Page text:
July 10, 2020
Notes on music #1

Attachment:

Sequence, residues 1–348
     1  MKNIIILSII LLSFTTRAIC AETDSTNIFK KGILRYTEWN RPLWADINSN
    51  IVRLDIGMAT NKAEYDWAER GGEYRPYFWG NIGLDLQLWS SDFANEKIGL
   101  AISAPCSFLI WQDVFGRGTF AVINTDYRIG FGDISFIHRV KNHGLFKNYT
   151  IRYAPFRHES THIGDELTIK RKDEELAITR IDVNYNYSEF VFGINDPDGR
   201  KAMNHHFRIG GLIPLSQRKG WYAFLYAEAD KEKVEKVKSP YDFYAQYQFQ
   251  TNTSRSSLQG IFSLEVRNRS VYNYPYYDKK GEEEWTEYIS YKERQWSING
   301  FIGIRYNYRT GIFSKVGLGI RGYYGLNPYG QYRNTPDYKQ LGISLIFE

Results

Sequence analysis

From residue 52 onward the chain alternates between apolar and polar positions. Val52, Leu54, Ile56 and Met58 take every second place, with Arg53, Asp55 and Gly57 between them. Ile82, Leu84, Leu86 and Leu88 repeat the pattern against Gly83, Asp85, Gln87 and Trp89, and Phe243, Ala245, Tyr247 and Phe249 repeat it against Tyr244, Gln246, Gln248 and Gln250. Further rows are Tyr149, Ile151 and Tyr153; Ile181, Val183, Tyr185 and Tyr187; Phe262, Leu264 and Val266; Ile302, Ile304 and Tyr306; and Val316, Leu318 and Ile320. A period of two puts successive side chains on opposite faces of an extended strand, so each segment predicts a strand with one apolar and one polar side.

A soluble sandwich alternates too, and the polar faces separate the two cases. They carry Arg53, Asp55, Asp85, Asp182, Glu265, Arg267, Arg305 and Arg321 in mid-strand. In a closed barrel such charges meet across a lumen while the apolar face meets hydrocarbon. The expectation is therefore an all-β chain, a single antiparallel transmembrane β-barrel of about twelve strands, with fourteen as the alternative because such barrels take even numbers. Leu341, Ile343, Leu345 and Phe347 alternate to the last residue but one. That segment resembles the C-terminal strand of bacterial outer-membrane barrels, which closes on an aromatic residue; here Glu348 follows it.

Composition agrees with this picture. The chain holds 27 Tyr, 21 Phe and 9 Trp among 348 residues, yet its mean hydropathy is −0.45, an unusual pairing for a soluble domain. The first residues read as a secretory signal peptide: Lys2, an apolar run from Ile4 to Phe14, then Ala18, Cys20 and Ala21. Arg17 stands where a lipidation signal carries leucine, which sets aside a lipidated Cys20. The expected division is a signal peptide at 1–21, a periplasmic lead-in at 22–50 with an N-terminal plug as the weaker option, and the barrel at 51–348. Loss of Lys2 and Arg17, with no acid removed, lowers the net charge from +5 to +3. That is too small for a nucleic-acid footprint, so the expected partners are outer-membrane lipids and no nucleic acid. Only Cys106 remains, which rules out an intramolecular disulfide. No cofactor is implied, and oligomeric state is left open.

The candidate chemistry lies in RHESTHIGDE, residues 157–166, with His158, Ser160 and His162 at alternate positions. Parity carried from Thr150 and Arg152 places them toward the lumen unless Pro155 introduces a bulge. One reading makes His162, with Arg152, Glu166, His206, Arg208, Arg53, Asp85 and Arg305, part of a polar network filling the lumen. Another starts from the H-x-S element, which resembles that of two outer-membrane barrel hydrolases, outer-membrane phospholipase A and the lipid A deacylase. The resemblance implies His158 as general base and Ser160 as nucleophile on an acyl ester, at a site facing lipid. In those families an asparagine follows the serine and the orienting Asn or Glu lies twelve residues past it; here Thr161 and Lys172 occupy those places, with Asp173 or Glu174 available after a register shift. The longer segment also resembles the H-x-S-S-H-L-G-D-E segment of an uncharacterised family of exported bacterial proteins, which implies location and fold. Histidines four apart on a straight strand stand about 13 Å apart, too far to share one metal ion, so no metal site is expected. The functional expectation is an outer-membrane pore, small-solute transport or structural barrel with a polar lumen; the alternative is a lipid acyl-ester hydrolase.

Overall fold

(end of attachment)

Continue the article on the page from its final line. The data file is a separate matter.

For a while in the 2010s, music critics were obsessed with “hauntology,” the return of dead and disappeared genres to contemporary music in ghostly form. Hauntology was not just nostalgia, the idea that the past was better and that we’d like to return to it. The most famous practitioner of hauntology in music, Burial, produced loving memorials to British rave music of the early ’90s based not on his own memories—he was too young to go to the raves—but on stories told to him by his older brother. Rave culture promised a future that Burial should have inhabited as an adult, but that future never arrived, and that sense of the past failing to keep its promises to those who came after is what made hauntology such a fruitful project for those born to the wealthiest generation in world history.